stovepiping. An enormous progress has been made on this. It is 
entirely reciprocal. You may find some cases where--you know, 
we all have our stories, but it is entirely reciprocal.
    You mentioned earlier polygraphs. A CI polygraph done by 
one intelligence agency is entirely accepted by any other 
intelligence agency. There is no repolygraphing.
    Mr. Issa. We are glad to hear that. We don't know that to 
be true at this point. So, hopefully, we are both hearing the 
same thing.
    Mr. Boswell. Likewise, a full-scope polygraph done by one 
agency is reciprocal to another agency. And they are accepted 
within the agencies that do--or the few agencies that do full-
scope polygraphs.
    Mr. Issa. So if I am at NSA and I am short of polygraph 
people, CIA can help me out and it is completely going to be 
    Mr. Boswell. I can tell you that the DNI, for example, in 
polygraphing its own people, relies on several agencies to do 
it. They polygraph to common standards.
    Mr. Issa. That is very good to hear.
    One last thing in closing: The 128 that was mentioned of 
people who have betrayed their country, the statement that they 
all went bad after they had the job, I think flies in the face 
of what this committee has heard in the classified setting 
about individuals who--one or more individuals, who clearly 
cheated to get into one agency, cheated to get into another 
agency, had lied throughout the process, and is currently in 
the news.
    So I would hope that that would be double-checked before it 
was repeated again, because I don't think we can fairly think 
that that person or people are outside the 128.
    Thank you.
    Chairwoman Eshoo. Thank you, Mr. Issa.
    Let me just ask one more question, and then I will make 
some brief closing comments in thanking all of you. I think 
this has been worthwhile. I have learned from it, and that is 
what hearings are for.
    Ambassador Boswell, you said in your testimony that there 
not be any diminution of quality. And I want to get back to the 
issue of quality, because it is so important in what we do.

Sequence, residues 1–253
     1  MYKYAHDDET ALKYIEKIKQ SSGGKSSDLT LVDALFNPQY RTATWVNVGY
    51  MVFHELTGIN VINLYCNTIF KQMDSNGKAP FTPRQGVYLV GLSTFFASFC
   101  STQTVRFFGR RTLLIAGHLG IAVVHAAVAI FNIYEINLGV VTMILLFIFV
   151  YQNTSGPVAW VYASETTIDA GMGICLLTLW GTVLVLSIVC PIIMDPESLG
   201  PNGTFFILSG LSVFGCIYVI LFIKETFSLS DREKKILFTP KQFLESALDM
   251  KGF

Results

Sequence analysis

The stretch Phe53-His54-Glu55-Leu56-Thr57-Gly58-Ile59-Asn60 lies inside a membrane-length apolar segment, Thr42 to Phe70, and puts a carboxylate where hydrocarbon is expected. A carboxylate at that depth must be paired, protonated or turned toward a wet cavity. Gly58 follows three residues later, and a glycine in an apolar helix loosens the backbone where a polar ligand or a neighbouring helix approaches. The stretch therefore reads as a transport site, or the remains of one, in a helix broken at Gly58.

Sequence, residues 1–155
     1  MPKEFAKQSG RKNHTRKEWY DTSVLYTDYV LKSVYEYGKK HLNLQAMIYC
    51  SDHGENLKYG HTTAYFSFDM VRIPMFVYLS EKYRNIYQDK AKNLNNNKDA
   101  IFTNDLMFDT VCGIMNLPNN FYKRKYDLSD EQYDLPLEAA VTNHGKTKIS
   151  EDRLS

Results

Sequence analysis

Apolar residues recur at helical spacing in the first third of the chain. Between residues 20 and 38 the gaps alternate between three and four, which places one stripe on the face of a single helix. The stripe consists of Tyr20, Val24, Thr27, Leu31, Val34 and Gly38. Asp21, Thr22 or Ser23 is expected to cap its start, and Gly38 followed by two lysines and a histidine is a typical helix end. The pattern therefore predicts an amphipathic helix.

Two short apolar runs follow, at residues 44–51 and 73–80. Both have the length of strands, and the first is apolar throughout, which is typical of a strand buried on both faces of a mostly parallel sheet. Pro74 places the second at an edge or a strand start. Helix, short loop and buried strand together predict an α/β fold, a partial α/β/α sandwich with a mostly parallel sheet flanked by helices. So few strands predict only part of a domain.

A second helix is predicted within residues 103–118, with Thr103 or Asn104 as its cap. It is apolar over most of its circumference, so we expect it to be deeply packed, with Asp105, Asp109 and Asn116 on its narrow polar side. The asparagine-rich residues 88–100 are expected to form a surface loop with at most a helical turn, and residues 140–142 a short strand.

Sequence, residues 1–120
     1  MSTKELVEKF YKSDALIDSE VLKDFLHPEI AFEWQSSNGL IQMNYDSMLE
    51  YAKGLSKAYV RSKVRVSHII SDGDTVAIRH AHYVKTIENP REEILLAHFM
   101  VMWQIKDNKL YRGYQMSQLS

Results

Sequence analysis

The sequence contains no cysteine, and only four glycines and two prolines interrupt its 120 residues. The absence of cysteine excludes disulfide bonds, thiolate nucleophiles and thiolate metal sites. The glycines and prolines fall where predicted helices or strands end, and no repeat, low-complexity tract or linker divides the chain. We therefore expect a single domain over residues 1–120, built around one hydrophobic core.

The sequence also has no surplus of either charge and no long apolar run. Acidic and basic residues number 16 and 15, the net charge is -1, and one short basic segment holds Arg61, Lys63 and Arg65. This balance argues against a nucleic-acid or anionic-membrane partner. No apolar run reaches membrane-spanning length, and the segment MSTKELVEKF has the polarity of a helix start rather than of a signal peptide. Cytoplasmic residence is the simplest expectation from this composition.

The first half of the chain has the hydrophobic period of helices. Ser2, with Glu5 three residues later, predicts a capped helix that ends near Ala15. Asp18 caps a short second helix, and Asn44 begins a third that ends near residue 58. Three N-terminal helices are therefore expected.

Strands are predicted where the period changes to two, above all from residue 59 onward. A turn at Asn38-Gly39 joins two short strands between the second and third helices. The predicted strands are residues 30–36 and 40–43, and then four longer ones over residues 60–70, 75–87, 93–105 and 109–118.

Can you tell us about what proposals you are validating in 
the team effort? How you are addressing this? What metrics you 
are using? Are there any?
    Mr. Boswell. Yes, ma'am.
    Chairwoman Eshoo. Give us some confidence in this.
    Mr. Boswell. There are a number of what we call 
``demonstration projects'' that are going on. Now, they will be 
done in time for us to make our proposal to the President. 
There is a substantial degree of quality control and quality 
checking. These are all to validate the quality in addition to 
speed up the process, but to validate the quality of the new 
system that we hope to have in place.
    So quality control and attention to quality is absolutely 
central in this process.
    Chairwoman Eshoo. Well, let me thank you all for--first of 
all, for your service to our country. That is what we are all 
here for, and we can never, ever lose sight of that. Our work, 
our oversight, the work of the Congress is really on behalf of 
our country and the American people.
    The questions that we raise and what you do in your 
respective areas of the executive branch, we are partners in 
this. And so while some of the questions may ruffle feathers, 
so to speak, that is very healthy. I think it is very healthy, 
and I hope that you accept the questions and the observations 
with the highest sense of purpose that, hopefully, we have 
asked the questions.
    And so thank you to you, to all of your colleagues that are 
here that are not at the table testifying, for the work that 
you do.
    I want to acknowledge the work of our staff again. I can 
never thank them enough, because they provide the consistency 
of all of this, and we simply can't do the work of all of them.
    Mr. Ruppersberger has joined us. And I would like to invite 
you, even though it is the tail end of our hearing. We have 
completed the questions.
    Mr. Ruppersberger. I just want to thank you for having this 
hearing, because this is such an important issue for us in the 
Intelligence Community. You and I have been here for 5 years. 
And we have so many issues that we have to deal with, if we 
don't deal with this and get it where we need to be and pull it 
together--and it seems there were a lot in the past, a lot of 
different agencies and turf and OMB; and now we----
    Chairwoman Eshoo. We have gone through some of that.
    Mr. Ruppersberger. It is all about the end game, doing it 
right. I don't need to go any farther.
    Chairwoman Eshoo. Thank you for coming to say that.
    With that, we will adjourn the hearing. Thank you.
    [Whereupon, at 11:38 a.m., the subcommittee was adjourned.]